We were able contact an anonymous source at American Airlines who told NQ the flight did not depart full, and his seat was not reassigned. If true, this appears to be a clear breach of their conditions of carriage agreement.

The source added that American Airlines closed boarding at 9.51am on their internal Sabre system, somehow eight minutes after the plane departed. This was 15 minutes after Matt was escorted out of the terminal by security to have his documents re-checked by UK Border Force. Although NQ was unsuccessful in obtaining any official information from the privately owned Ringway airport, burden of proof remains on the airline.

Back at the check-in counter, they told Matt it would cost £1,400 to rebook his flight. After many hours on the phone with customer service, however, he was eventually rebooked for $303.

American Airlines continues to claim they are not at fault and maintain that Matt was late to the gate.

They claim gate agents off-loaded him at the 30-minute-mark; which would, in any case, constitute a breach of contract according to their own International Rules and Conditions of Carriage.

Matt is continuing his fight for full compensation.

Some of the responses received from AA about Matt’s claim:

“However, our ticket counter agents do not have this discretion as we ask them to strictly uphold the ticket counter cut-off time. While your client may have found the application of our cut-off procedure inconvenient this time, we hope he will understand the rationale behind it.”

  • Ticket counters and gates are two entirely different functions of an airport.

“While you indicate that Mr. Mascarenas checked in at the airport at 7:36am, the time of check-in and the time that he arrived at the gate are separate issues.”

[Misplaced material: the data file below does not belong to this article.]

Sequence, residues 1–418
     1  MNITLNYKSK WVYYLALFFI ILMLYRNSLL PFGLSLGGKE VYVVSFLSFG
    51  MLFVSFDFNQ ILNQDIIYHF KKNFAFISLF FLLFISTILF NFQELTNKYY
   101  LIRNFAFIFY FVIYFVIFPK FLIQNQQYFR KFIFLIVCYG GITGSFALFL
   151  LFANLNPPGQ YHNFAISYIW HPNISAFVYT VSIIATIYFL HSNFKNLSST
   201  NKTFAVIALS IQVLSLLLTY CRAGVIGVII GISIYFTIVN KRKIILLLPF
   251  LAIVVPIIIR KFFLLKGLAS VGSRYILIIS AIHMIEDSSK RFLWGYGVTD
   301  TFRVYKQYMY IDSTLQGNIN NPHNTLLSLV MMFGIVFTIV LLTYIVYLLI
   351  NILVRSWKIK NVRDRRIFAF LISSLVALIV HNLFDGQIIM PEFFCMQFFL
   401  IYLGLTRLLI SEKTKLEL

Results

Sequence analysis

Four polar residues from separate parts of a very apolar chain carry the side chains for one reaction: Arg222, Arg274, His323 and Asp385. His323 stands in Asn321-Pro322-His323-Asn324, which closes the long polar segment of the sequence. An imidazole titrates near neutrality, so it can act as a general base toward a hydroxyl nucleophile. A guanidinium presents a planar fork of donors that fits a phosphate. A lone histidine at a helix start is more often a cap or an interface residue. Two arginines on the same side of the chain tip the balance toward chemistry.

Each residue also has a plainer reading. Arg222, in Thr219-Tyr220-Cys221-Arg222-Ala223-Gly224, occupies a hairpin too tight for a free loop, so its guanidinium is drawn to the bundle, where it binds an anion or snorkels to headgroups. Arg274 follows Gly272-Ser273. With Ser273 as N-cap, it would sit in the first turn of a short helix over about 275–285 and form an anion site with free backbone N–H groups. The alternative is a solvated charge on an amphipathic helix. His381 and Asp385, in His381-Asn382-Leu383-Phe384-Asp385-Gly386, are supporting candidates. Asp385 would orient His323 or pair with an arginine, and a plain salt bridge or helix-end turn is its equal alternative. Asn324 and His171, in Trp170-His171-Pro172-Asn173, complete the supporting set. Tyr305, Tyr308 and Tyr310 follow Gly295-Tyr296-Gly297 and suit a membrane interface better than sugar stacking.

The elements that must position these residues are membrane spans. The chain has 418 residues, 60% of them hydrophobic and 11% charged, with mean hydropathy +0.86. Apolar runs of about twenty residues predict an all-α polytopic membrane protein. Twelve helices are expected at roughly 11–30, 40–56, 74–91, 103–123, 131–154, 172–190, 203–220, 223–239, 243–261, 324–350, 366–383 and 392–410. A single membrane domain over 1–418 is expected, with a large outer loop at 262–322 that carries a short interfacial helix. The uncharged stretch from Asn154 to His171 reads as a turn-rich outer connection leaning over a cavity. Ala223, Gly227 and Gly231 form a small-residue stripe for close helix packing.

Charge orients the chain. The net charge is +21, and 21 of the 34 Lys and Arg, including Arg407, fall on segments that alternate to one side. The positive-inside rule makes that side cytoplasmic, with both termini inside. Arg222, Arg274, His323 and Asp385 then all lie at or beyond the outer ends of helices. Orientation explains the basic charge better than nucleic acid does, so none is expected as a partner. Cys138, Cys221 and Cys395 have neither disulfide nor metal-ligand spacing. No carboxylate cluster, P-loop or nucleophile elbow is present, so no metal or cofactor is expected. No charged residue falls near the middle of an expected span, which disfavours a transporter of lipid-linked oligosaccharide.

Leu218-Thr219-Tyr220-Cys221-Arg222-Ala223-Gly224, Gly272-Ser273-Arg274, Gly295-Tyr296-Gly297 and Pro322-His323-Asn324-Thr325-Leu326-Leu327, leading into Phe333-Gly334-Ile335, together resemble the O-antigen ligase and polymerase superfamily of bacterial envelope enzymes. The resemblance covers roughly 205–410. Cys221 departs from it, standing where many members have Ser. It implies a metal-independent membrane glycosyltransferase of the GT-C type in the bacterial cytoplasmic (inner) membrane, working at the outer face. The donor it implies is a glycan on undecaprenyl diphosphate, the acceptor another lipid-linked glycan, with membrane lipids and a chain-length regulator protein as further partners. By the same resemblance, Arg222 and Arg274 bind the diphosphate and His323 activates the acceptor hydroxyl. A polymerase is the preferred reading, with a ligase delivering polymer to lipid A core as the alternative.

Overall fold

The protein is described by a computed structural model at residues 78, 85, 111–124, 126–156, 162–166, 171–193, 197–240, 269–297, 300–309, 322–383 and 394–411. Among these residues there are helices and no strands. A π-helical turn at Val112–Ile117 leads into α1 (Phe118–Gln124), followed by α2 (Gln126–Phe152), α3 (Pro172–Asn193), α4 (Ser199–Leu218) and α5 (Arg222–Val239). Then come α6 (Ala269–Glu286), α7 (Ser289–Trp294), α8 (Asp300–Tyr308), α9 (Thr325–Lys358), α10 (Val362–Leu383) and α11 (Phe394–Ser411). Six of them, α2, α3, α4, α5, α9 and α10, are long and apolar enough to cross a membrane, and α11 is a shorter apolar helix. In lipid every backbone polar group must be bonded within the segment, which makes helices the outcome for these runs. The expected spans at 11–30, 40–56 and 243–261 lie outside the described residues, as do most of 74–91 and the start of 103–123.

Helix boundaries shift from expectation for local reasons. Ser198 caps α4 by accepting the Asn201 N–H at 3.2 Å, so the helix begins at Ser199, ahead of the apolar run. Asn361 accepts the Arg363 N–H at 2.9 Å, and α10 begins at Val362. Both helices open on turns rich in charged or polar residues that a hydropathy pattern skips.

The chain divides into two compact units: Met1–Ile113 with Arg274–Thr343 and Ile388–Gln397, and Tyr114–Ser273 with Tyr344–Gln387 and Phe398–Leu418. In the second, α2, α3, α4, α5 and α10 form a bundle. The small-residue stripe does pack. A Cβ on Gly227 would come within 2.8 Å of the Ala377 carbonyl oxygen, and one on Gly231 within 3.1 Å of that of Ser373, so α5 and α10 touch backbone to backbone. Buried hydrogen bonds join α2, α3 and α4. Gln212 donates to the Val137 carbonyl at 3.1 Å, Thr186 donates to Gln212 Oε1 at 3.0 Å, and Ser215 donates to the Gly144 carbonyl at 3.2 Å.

• At odds with the previous statement from AA.

“Despite the circumstances, our agents do not have the ability to override the check-in systems.”

  • This has nothing to do with Matt’s case, and how do they explain closing boarding at 9.51am despite a departure at 9.43am?

“While some elements of a particular flight may be unsatisfactory, we do not routinely provide compensation when transportation is provided.”

  • Transportation was not provided.

“Accordingly, we established a 30 minutes for international flights which stipulates that you must be checked in and present at the departure gate at least 30 minutes before the scheduled departure time of your flight to retain your reservation and a seat.”

  • Seat is reassignable at 30 minutes, agreed. However according to the terms, his reservation should not be affected and AA should have rerouted him at no cost under EC261/2004 for involuntary denial of boarding. The only way for them to justify voiding Matt’s reservation would be if he showed up at the gate past 9:55, however flight AA735 left 12 minutes before that, so…

You can join the discussion for this on the FlyerTalk forum


UPDATE: American Airlines has released an official statement to the Northern Quota:

“We apologise to Mr. Mascarenas for the inconvenience he experienced. We are investigating further and are in touch with the customer’s attorney.”